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Talking trucks

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Fire commission eyes new tender truck for Medford department

Members of the Medford Area Fire Commission are laying the groundwork for the purchase of a new tender truck in 2025.

At the March 15 fire commission meeting, assistant chief Mike Radlinger presented a proposal to purchase a new tender vehicle which would primarily supply water to fire scenes. The fire commission rotates vehicles on a roughly 30year cycle. The new truck would replace No. 304 which is from 1994.

The new tender would have a carrying capacity of about 2,500 gallons, compared to 2,000 gallons on the older vehicle. In addition, the new vehicle would have design items to make it easier for crew members to access equipment.

Radlinger noted that from the time it is ordered, manufacturers are estimating a 14 month lead time for construction with some going out further due to a shortage of chassis to build on.

See FIRE on page 4 The vehicle will be built on a Freightliner chassis with a 450 HP Cummins diesel engine. The vehicle as designed will be 345 inches long (28.75 feet) and have a 193 inch wheel base.

The new truck has a projected cost of about $380,000. They are currently working with a vendor to put together a design and specifications which will then be bid out to vendors.

Radlinger explained the proposed vehicle is about the largest they can go for capacity with a single rear axle vehicle. When commission members asked about going with a larger dual-axle option, it was noted that there is a balance between size of the firefighting vehicles and the ability to access rural driveways and get to fire scenes.

“We are eating tires up with blacktop,” said fire chief Mike Filas, noting that getting in and out of tight areas is taking a lot of time and wear on the equipment.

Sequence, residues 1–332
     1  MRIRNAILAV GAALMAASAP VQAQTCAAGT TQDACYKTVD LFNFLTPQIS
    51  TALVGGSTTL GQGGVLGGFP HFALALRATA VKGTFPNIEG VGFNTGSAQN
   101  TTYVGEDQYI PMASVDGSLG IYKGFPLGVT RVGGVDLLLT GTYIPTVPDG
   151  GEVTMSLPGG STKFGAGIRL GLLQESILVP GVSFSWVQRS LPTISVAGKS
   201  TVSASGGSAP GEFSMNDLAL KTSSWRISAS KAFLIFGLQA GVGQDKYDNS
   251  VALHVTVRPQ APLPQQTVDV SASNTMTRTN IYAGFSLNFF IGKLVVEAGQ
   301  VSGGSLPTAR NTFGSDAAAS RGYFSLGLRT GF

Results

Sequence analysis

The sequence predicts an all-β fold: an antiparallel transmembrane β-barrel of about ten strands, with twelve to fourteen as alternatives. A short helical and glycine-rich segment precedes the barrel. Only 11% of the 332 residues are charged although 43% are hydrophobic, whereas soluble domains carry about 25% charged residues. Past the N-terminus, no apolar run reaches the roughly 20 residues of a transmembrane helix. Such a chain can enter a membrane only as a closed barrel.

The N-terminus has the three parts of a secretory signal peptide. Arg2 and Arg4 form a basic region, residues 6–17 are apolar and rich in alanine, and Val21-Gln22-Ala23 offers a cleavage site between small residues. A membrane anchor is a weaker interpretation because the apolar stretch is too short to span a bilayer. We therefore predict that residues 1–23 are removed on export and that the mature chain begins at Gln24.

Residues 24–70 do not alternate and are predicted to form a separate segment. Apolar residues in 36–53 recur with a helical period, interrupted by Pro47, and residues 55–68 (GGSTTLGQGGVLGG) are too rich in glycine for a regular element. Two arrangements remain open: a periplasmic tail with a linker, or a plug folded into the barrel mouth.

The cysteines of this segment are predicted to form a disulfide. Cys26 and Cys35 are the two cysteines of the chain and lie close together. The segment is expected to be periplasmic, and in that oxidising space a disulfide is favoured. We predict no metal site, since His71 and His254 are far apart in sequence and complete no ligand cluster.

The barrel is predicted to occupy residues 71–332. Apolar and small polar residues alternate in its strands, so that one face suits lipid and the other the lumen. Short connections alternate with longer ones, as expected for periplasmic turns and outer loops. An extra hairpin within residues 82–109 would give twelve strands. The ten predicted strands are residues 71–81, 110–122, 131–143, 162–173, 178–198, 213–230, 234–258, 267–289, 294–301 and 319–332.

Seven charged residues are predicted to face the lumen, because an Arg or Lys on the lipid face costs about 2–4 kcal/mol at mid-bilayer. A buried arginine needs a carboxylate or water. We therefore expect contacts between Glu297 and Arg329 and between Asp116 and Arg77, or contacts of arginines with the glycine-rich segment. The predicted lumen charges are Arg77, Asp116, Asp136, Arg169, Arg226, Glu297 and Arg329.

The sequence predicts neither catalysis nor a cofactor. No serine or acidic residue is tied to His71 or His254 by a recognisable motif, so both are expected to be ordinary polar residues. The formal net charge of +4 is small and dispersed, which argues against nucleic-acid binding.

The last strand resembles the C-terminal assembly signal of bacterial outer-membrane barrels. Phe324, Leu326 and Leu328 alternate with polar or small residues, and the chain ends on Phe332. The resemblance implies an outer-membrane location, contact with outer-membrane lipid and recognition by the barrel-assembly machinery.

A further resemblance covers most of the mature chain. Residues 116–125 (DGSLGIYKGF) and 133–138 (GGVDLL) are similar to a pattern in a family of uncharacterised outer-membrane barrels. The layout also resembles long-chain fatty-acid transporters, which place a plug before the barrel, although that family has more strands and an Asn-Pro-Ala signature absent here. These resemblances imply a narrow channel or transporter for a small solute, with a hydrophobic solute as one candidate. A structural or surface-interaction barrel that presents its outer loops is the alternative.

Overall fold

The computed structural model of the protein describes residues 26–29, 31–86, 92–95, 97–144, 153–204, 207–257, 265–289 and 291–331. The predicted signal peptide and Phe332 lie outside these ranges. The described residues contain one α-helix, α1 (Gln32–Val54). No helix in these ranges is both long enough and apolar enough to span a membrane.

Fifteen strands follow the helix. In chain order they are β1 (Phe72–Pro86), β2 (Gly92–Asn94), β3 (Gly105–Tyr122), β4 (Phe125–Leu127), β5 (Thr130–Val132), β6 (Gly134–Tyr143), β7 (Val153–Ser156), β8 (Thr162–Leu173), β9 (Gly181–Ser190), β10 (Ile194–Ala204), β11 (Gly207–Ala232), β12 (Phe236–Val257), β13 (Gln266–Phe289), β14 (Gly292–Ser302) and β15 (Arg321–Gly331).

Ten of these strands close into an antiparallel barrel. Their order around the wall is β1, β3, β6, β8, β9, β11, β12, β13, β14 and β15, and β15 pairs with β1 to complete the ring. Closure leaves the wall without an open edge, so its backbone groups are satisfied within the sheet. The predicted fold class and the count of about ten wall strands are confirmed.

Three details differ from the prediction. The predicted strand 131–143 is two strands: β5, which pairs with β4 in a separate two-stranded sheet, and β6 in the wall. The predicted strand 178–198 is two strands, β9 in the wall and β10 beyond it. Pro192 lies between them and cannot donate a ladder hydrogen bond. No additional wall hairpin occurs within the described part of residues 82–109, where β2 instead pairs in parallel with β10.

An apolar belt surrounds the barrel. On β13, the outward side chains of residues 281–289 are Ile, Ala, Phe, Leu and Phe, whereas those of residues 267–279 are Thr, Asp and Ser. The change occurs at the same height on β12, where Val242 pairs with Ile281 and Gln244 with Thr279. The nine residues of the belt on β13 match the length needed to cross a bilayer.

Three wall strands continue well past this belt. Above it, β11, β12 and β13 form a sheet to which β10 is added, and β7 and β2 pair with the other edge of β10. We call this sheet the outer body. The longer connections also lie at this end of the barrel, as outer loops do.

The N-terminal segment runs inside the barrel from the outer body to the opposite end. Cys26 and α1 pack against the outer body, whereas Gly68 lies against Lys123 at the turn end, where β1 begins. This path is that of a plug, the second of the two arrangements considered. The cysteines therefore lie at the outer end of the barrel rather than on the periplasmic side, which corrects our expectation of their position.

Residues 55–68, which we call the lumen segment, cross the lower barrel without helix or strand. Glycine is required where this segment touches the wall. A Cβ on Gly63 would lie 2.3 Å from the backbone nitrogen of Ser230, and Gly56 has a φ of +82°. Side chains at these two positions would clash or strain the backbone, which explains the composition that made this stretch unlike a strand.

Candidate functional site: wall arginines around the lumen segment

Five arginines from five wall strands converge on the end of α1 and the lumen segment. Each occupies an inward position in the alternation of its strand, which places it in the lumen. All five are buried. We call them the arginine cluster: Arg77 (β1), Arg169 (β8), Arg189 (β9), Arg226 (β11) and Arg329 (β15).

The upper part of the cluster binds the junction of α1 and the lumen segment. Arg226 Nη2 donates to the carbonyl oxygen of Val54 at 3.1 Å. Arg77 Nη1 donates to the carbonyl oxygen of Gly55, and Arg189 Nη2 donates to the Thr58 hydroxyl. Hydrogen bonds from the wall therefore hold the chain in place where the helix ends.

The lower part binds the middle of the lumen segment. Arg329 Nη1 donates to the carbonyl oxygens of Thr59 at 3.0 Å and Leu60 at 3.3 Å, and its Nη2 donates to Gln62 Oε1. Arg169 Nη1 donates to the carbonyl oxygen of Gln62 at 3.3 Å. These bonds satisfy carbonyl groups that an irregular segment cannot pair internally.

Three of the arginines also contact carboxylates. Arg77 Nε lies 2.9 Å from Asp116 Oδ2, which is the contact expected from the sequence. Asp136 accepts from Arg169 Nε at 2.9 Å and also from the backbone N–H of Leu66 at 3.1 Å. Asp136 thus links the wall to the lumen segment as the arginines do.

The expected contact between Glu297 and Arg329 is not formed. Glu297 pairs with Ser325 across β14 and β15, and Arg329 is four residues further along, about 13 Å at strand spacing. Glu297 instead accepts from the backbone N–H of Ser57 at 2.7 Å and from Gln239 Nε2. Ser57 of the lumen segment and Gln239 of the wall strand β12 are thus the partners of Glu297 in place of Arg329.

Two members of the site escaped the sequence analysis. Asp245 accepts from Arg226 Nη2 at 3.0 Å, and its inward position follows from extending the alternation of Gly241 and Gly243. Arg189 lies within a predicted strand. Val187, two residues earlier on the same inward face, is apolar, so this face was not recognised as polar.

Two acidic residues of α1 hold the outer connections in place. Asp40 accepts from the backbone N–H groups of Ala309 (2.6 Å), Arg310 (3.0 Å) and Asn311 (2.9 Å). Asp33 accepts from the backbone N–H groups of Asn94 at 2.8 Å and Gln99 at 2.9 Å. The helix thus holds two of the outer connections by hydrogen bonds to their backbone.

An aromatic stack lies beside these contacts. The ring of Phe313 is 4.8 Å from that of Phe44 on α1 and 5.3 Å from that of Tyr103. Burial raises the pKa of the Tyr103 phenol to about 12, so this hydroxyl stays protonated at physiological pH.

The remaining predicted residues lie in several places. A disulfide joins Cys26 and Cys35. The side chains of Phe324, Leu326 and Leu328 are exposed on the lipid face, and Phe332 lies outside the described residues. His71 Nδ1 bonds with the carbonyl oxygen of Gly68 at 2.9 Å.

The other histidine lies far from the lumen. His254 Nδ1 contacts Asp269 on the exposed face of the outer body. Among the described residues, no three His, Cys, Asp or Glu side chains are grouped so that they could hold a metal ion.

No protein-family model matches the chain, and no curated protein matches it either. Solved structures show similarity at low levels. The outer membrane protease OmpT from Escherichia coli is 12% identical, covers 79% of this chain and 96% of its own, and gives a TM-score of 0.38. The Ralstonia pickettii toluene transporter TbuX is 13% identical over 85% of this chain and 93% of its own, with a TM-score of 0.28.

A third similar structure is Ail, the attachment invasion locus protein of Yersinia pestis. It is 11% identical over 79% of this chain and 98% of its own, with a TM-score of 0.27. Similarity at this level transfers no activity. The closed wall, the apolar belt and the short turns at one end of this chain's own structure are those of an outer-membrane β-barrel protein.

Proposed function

Each year, the municipalities in the fire district set aside money for a future truck purchase. Currently the commission has $368,440 with the remainder of this year’s and 2024s payments to be made. The next step in the process will be for the commission members to bring the proposal back to their municipal boards for any questions with formal action at the June quarterly meeting to approve going out for prices to other vendors at that time with the commission to review and potentially approve a bid at the August meeting when the budget is set. This timeline would allow the department to get the new vehicle in fall 2025.

While typically, as one vehicle is added another would leave, chief Filas asked commission members to consider allowing the department to keep No. 304 in the fleet as a secondary tender. He said his goal is to have 10,000 gallons of water on wheels in the fleet.

“10,000 gallons doesn’t last us long,” he said, noting that it gives a good knockdown on a fire with an initial attack but the tenders will have to bring water to a fire scene to allow them to keep up prolonged firefighting efforts.

Committee members noted previous sales of used equipment have been low and as long as the existing tender still runs, can carry water and there is room for it in the fire hall, it makes sense to keep it in use.

“It would be worth more to have it here,” said Stan Schmidt of the town of Medford.

Commission chairman Lester Lewis noted that the decision on keeping the older vehicle doesn’t have to be made now since it will be a couple years before a new one could be put into service.

One feature the proposed new tender will have is the addition of a highpressure fire fighting system. Instead of pumping lots of water on a fire, this would spray water at high pressure at 70 gpm to create a fine mist and cool fire that way. Filas said this would work best in an air or oxygen controlled fire. The spray will penetrate a block wall and allow firefighters to combat a fire without having to go inside the structure.

“It is a different tool we would like to add,” Filas said.